Description:

CROSS REFERENCES TO RELATED APPLICATIONS

The present invention contains subject matter related to Japanese Patent Application JP 2006-198635 filed in the Japanese Patent Office on Jul. 20, 2006, the entire contents of which being incorporated herein by reference.

BACKGROUND OF THE INVENTION

1. Field of the Invention

The present invention relates to a solid-state imaging device capable of suppressing blooming and a control system. Particularly, the present invention relates to a solid-state imaging device such as a CMOS sensor that includes pixels each having a charge converting portion for converting a charge generated by photoelectric conversion into a pixel signal. The term “CMOS image sensor” used herein refers to as an image sensor produced by the application of or partially using the CMOS process. The solid-state imaging device may be formed of a single chip or a plurality of chips.

2. Description of the Related Art

CMOS image sensors and CCD image sensors have been known as solid-state imaging devices. Blooming has been a typical problem upon producing solid-state imaging devices. Blooming should be suppressed in solid-state imaging devices due to the reason of causing color mixture and color blur. In the case of a CMOS sensor, an overflowed charge leaks into an adjacent pixel to cause blooming and in the case of a CCD sensor, an overflowed charge flows from a photodiode that is a photoelectric converting portion into a vertical transfer register to cause vertical ghost lines.

In particular, when a difference between a bright portion and a dark portion is large in an image such as a starlit sky image captured with a night scene mode (subject including a bright spot in the darkness) or when a difference between a bright portion and a dark portion is large in an image including, for example, a dark spot in the bright portion with high intensity of light, such images may be unclear. Hence blooming should be suppressed.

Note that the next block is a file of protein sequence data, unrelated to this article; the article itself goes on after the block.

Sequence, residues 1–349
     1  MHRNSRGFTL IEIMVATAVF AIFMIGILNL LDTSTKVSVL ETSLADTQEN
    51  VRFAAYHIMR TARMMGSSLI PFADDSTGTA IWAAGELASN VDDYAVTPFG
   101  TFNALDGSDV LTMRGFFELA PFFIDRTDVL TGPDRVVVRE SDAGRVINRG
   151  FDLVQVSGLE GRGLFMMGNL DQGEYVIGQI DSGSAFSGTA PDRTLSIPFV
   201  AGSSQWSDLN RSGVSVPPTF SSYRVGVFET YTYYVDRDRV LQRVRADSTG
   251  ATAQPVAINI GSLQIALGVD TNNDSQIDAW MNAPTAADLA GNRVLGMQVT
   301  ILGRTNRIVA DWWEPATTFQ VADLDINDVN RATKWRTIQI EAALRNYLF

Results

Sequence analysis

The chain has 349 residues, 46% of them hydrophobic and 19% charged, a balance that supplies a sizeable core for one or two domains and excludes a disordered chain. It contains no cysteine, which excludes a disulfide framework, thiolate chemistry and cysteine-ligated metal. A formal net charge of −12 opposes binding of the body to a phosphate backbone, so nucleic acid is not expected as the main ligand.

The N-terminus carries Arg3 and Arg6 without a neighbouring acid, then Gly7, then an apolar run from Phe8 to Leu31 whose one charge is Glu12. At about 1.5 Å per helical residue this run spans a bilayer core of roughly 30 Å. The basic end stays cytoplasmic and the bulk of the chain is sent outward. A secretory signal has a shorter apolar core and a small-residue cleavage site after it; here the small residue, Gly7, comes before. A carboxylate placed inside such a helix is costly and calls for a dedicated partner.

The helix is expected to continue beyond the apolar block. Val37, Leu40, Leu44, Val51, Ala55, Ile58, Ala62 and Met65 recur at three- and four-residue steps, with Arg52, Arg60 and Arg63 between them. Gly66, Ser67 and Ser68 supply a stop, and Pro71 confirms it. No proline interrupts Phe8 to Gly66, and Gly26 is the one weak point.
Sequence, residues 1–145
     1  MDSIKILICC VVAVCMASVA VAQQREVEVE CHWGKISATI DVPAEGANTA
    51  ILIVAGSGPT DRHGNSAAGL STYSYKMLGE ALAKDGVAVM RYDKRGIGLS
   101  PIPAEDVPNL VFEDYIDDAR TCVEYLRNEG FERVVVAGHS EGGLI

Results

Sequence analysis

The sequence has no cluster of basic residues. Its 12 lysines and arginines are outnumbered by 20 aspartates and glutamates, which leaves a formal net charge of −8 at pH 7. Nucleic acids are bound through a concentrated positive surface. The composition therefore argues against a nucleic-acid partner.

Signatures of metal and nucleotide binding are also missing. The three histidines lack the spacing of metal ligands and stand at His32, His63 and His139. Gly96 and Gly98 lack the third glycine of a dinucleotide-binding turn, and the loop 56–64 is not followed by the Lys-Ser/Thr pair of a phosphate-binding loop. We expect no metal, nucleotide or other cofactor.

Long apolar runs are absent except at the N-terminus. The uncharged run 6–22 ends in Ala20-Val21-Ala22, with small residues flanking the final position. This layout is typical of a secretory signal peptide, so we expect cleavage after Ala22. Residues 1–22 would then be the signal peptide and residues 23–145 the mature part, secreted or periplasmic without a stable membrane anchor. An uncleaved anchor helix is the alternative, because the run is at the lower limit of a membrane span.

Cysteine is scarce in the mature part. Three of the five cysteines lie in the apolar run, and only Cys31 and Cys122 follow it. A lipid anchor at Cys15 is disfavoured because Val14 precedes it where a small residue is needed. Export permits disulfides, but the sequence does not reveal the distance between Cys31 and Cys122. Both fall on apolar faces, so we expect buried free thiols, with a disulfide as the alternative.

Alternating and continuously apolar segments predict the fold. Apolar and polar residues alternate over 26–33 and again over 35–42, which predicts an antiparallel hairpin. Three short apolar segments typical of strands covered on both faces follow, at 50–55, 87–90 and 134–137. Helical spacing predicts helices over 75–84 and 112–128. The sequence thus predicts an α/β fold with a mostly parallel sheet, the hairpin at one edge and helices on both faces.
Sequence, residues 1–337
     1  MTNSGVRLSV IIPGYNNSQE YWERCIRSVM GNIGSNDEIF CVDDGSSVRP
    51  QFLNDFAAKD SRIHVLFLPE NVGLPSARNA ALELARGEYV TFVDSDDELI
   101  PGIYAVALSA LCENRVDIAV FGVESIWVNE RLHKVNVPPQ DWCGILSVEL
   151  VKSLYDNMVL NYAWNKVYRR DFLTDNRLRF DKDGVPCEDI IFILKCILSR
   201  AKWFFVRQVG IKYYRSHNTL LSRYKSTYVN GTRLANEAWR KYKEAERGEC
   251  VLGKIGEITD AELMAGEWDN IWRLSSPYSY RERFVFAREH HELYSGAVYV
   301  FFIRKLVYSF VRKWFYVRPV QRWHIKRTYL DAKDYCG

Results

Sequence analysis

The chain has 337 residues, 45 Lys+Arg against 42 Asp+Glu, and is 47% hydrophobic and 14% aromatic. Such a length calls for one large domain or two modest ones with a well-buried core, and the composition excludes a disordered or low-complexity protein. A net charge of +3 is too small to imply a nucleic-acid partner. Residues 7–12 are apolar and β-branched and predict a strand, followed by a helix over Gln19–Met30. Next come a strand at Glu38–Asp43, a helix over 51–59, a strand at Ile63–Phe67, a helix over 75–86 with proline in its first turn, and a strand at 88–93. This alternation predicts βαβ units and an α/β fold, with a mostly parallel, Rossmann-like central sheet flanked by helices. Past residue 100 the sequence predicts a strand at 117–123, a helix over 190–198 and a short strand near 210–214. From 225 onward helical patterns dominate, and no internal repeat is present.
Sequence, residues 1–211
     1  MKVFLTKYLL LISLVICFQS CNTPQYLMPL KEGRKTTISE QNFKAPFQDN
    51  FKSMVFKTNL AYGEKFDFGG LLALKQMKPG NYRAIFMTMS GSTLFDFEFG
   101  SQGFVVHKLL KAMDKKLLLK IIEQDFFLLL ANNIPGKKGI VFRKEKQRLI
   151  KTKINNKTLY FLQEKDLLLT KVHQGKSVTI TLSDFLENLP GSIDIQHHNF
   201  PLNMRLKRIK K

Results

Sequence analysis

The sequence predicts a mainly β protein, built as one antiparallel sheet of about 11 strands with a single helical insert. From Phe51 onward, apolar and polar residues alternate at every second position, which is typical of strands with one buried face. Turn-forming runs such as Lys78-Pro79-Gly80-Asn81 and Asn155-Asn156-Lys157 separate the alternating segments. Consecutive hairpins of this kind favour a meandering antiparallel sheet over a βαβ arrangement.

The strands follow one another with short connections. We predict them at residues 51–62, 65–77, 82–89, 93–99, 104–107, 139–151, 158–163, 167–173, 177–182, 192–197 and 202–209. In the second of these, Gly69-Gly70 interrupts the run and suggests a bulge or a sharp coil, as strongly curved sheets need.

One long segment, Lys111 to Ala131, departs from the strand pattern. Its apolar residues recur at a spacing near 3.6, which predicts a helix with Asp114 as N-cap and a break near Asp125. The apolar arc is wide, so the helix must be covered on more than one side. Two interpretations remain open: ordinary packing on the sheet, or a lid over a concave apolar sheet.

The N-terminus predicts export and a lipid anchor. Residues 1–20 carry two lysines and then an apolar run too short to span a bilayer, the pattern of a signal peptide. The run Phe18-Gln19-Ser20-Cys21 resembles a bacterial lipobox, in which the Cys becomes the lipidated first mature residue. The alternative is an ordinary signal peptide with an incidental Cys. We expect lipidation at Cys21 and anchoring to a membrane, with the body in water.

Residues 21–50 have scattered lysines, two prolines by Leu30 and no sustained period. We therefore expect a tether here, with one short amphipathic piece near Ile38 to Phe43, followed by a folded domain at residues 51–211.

In order to suppress blooming caused when an amount of charge is saturated (Qssat), there is typically proposed a method of changing a charge accumulation time in response to an amount of received light. In addition, there is known a method of changing an overflow potential barrier (hereinafter referred to as an “overflow barrier”) by controlling a substrate voltage. In the case where such overflow barrier is changed, there are two kinds of methods employed for accumulating more charges, that is, raising an amount of charge saturated (Qssat). Japanese Unexamined Patent Application Publication No. 2003-153084 and Japanese Unexamined Patent Application Publication No. 9-139486 disclose a method of lowering a substrate power supply (voltage) to raise an overflow barrier. With another method, the substrate power supply (voltage) is increased by reducing an overflow barrier in the depth direction of the substrate so that redundant charges be discharged to the substrate.